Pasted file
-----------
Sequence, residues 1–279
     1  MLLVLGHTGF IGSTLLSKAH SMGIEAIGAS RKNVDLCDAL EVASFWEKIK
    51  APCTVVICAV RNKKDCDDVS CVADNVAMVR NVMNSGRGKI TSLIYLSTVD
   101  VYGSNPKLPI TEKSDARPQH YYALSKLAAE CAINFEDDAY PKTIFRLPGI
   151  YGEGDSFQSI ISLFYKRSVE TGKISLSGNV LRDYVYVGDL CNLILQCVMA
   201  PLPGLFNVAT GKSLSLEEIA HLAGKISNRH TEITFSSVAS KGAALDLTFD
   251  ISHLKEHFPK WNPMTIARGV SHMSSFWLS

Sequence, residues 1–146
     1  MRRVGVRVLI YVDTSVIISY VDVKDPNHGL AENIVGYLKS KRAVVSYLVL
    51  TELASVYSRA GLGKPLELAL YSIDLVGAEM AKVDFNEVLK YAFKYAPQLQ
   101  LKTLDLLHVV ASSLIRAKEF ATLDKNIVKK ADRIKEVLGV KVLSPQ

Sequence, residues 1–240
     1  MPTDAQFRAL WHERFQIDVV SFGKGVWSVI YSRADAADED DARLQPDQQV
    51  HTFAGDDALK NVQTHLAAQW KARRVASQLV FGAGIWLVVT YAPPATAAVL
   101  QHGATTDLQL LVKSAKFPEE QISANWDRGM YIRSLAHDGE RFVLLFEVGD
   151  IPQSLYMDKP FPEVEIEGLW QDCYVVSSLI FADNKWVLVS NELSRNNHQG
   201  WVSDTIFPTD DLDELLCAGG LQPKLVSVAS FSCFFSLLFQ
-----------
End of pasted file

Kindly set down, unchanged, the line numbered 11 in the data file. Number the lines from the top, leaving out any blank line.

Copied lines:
   101  LKTLDLLHVV ASSLIRAKEF ATLDKNIVKK ADRIKEVLGV KVLSPQ